Shiina Ringo was a pop star in Japan. She courted all the right producers, appeared on all the right television shows. Each record was more successful than the last. But Ringo was an odd pop star: her voice could be grating, she was sexually aggressive, she had an edge. Eventually she got a producer and a contract that allowed her full control, and she vanished into the studio in 2003.
Fans lined up for another sunny pop excursion — but what they got was an art-rock concept album in the Björkian mold, with surreal and at times impenetrable lyrics sung in an archaic dialect, featuring a full orchestra and more than 30 instruments played by her hand-picked ensemble, credited on some songs as “Special Forces”. The album is short, but it is crammed to bursting with melodic ideas and meticulous attention to sonic detail — as shown by its mysterious symmetries: the CD is exactly 44 minutes and 44 seconds long, and is constructed in two parts, each song of which has lyrical and stylistic correspondences to the song on the other half. “Doppelgänger”, the second track, is followed by “Poltergeist”, the next-to-last track, for instance. At one point Ringo sings a line from an earlier song backwards phonetically, only possible in Japanese. Even the track titles are symmetrical, presented in formal kanji only used in legal documents. The CD’s spine from which the two leaves branch is a lovely tune without a twin called “Kuki”, or “Stem”.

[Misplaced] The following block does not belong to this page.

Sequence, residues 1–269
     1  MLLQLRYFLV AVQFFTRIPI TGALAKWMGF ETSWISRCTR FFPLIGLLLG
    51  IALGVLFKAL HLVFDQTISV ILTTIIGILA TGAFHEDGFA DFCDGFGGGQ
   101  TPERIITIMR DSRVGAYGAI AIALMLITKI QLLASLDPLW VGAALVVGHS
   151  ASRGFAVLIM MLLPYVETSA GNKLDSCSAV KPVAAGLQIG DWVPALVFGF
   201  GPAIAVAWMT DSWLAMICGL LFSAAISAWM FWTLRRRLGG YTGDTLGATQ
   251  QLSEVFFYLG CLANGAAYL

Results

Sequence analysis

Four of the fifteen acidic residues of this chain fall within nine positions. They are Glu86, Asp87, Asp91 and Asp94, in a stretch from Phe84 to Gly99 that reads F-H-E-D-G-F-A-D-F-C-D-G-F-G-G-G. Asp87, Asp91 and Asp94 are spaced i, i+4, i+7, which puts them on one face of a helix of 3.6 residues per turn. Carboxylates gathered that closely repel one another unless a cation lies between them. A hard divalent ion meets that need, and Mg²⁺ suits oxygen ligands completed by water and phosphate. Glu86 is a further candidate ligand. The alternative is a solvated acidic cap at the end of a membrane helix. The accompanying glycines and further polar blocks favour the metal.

The CD’s reception was confused: Ringo let her too-nasal voice careen from child to world-weary to vixen and back again, sometimes in the space of one line, like her heroine Fiona Apple (“ringo” is “apple” in Japanese). The packaging was back-to-front, only found on traditional Enka recordings. The gorgeous melodies were undermined by disturbing language, made more so by the fact that the lyrics (even for native speakers) were difficult to decipher. The title of the record is Kalk Samen Kuri No Hana, which could be translated as Chalk, Semen, Chestnut Flowers; on the bridge of “Shuukyou” Ringo sings “I can’t find a cup I like anywhere I go. Why/Even though so many buildings and streets are increasing/Do we stare at the unreasonableness of the bottle we can’t finish drinking?”
For Ringo making KSK “[had] been the realization of a dream … for a long time I thought J-pop was weird and really artificial sounding. I have always tried to create something more genuine.” Because of its uniqueness Kalk Samen Kuri No Hana sold more than 400,000 copies — but once it was completed Ringo decided that this record was the cap to her career thus far, that there had been a line crossed and retreat was necessary. She formed a band, Tokyo Jihen (Tokyo Incidents), which reduced the focus on herself, toned down the experimentation of the music, released a single formed entirely out of samples from her back catalogue (with a video that matched the concept), and most tellingly, had the mole on her face removed, as if these gestures shut a door on something — or someone — considered done and not to be revisited.
Ringo remains immensely popular in Japan, having released two records under the Tokyo Jihen name. She shows no inclination to make music like Kalk Samen Kuri No Hana again, and there has been speculation that the record is somehow more brilliant than she can be capable of — a masterpiece arrived at by accident. Kalk Samen Kuri No Hana is also thought of as the greatest J-Pop record ever made.